Florida natives Marsha and Charlie have arrived in Colorado for a week of hiking in the Rocky Mountains. Within an hour of their first hike (at 10,000 ft), Charlie develops a headache and soon...

  1. Florida natives Marsha and Charlie have arrived in Colorado for a week of hiking in the Rocky Mountains. Within an hour of their first hike (at 10,000 ft), Charlie develops a headache and soon begins to complain about dizziness. Briefly describe how these symptoms are related to changes in blood oxygen and carbon dioxide levels. Is the pH of their blood affected by the change in blood gases?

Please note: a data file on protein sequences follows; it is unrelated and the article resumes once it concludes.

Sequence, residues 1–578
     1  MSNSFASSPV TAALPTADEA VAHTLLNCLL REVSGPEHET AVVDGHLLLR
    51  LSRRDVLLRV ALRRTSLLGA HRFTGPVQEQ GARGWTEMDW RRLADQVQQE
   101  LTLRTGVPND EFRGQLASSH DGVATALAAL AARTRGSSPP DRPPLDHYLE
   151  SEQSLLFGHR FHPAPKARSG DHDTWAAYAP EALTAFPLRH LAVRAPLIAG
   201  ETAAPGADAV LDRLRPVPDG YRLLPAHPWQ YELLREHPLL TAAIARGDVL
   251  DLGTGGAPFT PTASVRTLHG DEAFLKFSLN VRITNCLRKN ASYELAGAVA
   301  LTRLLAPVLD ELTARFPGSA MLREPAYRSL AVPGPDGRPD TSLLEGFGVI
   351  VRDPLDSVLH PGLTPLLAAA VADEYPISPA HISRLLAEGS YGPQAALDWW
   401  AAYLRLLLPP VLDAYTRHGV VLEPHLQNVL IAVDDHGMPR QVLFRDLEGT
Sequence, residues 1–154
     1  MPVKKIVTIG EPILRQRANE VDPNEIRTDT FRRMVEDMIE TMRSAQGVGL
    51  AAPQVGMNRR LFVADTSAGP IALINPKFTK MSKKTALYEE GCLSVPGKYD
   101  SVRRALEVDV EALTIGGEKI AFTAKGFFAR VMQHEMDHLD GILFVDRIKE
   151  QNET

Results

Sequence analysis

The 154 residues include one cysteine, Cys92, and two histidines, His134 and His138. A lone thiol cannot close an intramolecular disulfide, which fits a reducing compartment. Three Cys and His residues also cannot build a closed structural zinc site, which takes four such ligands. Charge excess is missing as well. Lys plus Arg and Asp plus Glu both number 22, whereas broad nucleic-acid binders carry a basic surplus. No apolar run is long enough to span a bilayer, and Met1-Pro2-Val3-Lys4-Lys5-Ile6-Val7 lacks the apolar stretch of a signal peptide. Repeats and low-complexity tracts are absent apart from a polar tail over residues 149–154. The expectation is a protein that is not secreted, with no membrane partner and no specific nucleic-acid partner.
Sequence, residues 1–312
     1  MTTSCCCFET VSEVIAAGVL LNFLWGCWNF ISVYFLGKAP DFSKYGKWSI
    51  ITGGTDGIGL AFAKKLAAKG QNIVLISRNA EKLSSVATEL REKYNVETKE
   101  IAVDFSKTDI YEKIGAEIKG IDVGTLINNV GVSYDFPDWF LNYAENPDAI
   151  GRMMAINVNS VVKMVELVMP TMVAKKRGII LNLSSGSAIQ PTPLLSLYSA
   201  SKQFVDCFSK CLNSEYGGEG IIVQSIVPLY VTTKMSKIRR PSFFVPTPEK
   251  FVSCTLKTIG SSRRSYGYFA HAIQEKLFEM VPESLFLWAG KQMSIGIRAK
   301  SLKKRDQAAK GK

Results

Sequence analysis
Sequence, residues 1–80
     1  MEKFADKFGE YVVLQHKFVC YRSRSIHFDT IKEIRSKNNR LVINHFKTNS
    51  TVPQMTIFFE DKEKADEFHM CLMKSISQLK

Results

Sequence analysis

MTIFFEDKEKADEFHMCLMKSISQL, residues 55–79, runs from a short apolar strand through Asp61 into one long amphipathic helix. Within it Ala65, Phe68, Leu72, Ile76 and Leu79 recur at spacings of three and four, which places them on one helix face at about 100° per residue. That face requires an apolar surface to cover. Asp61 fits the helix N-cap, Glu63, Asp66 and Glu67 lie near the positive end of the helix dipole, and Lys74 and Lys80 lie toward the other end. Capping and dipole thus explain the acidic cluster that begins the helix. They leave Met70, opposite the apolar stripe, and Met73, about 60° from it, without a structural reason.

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Marsha and Charlie have a classic case of altitude sickness.  Their bodies are accustomed to living at sea level (Florida).  While in the Rocky Mountains in Colorado, they are probably living at a minimal altitude of 5,000 feet while hitting 10,000 feet on hikes.  At this altitude, the percentage of oxygen to nitrogen in the air is no different than anywhere else, but the density of the air is less at higher altitudes than at lower altitudes..  So their lungs and circulatory system are receiving less oxygen than they are accustomed to.  As a result, most people start to breathe faster to try to compensate for the lack of oxygen.  So the partial pressure of oxygen and carbon dioxide are decreased in their bloodstreams.  The lowering of carbon dioxide probably very slightly decreases the acidity (raises the pH) of their blood since carbon dioxide dissolved in water produces carbonic acid.  This often results in headache, dizziness, and disorientation, thus giving rise to altitude sickness.  The best way to avoid this is to allow your body to acclimate to the new altitude before beginning any strenuous exercise.

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